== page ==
'instruction book' to be set in motion.
The basic primers - their opening definitions notwithstanding - tend
to concentrate more on elementary notation. Most advice on perfor-
mance style is of a very rudimentary kind:
42 Music education and the art of performance

To what is one who wishes to sing correctly further required to pay attention? . . .
To match a sad voice to a sad text and a joyful voice to a joyful text.
Was ist ferner notig von einem / der da recht singen wil / in acht zu nehmen? . . .
DaB er zu einem trawrigen Text eine trawrige / und zu einem frolichen eine
froliche unliebliche Stimme bequeme. (Demantius 1632)

It is quite interesting that one much-published primer which does contain


a great deal of detailed practical advice (Friderici 1618) gives virtually no
description of the affects or advice as to how to stir them. Bernhard, in
an 'advanced 5 treatise which was widely transmitted in manuscript
(c. 1649), implies that there was a distinction between two types of non-
ornamented singing: plain, even singing, which is the foundation of all
other kinds {cantar sodo) and singing which took into account the affect of
the words {cantar d'qffetto). Likewise Feyertag 1695 (p. 234) suggests that
singing according to the words is a specific style ('Mflrfmren'). Certainly
Schiitz had a remarkably low opinion of choral institutions, if the preface
of his Historia, der Freuden- und Gnadenreichen Geburth Gottes und Marten Sohnes
1664 is anything to go by: he did not publish the concerted choral
sections, partly because they would hardly achieve the requisite effect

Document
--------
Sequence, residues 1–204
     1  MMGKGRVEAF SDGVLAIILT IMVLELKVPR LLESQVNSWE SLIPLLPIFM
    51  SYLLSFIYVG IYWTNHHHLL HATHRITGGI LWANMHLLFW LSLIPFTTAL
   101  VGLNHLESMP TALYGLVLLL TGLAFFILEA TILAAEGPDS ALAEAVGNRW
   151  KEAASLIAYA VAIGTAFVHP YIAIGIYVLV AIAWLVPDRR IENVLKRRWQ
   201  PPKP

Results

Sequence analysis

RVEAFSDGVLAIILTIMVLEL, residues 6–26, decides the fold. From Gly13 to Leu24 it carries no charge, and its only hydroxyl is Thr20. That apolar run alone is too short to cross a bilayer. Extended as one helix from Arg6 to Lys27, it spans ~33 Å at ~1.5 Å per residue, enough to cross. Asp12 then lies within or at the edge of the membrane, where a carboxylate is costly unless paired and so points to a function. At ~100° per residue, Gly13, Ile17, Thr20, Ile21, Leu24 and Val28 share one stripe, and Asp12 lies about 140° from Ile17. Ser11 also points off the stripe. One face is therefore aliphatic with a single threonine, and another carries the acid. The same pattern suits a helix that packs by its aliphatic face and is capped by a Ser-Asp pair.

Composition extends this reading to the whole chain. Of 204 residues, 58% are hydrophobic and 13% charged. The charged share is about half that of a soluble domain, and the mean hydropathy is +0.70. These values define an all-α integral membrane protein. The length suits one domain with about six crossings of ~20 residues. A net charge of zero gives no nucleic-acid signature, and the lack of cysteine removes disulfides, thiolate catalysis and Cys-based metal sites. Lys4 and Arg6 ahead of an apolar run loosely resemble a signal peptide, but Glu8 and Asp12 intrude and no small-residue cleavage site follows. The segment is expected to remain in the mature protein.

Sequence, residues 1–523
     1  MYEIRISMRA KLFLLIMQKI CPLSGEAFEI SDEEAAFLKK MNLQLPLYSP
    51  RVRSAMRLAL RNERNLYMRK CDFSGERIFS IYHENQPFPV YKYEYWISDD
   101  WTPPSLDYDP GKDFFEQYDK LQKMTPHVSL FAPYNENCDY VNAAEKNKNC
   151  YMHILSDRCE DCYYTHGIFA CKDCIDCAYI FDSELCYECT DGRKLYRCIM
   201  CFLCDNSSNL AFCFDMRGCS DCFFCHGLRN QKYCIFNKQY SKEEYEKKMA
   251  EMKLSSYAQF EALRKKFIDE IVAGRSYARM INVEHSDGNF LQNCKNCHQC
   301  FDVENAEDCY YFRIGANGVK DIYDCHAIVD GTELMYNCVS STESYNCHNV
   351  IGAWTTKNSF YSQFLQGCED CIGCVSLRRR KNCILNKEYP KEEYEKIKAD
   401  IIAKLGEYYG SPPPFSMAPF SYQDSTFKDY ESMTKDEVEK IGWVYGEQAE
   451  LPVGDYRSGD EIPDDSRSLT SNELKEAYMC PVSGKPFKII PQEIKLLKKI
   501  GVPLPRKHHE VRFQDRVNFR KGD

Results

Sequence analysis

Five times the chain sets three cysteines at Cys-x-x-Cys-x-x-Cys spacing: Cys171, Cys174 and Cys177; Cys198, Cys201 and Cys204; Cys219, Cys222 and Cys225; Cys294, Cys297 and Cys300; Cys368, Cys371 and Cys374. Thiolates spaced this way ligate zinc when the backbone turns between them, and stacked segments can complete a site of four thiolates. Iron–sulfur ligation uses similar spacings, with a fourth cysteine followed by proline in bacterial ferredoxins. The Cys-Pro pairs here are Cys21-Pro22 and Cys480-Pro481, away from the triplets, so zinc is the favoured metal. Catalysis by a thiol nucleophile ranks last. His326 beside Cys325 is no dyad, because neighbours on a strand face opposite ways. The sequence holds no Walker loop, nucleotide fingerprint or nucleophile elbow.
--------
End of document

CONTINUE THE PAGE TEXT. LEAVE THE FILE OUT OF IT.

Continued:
'outside the well-appointed royal courts'. 65 Even as late as 1647 {Symphoniae
sacrae II) - some thirty years after Praetorius's celebrated treatise on
Italianate performance - Schiitz notes that many establishments still had
little idea of the contemporary Italian style; indeed he even asserts that
many Germans were unfamiliar with the black notation of modern Italian
music. Nevertheless, given that even the most elementary primers describe
the smaller note values, it may well be that Schiitz actually underestimated
the level of musical awareness in church and school music.
It seems then that many less advanced singers, and perhaps even
many respected establishments as a whole, sang in a manner which was
not influenced by the 'modern' affective view of music. As is implied by
the majority of the sixteenth-century treatises, the pupil's main concern
was to learn to read music and sing; the unspoken 'meaning' of the
music presumably lay in its existence as a God-given harmony.
Sermons and the teaching of theologians might have been more
significant in giving the young pupil some idea of the affective basis of
music. Friccius's sermon is, as ever, quite productive in this regard. He
relates God's order to nature, suggesting that the pleasing effect of music
is both divinely and naturally based:
It is implanted in man so that an apt harmoniousness and lovely singing above
all are agreeable to him.
The role of practical music in education 43

Es ist dem Menschen also eingepflanzet / das ihme eine apta modulation und
lieblich Singen fur alien dingen annemblich ist. (Friccius 1631, pp. 55-6)
To him music seems almost to be a form of natural regulation: the entire
disposition is led and regulated by music.66 In a manner far more explicit
than Praetorius, Friccius suggests that there is a mechanical relation
between the movements of the heart and the affect in music:
For there divine music is a Godly act: there its song and sound is a heart-bell,
which penetrates every little vein of the heart and its affects (be a man a very
Stoic or an immovable trunk).
Traun da ist die Musica divinum quiddam ein Gottliches Thun: Da ist ihr Gesang
und Klang eine Hertz-glocke / welche /. . . alle Hertzenaderlein durchdringet
/ und desselben Affectus (es sey den der Mensch gar ein Stoicus und unbeweglicher
Truncus) erweckt.67 (Friccius 1631, p. 90)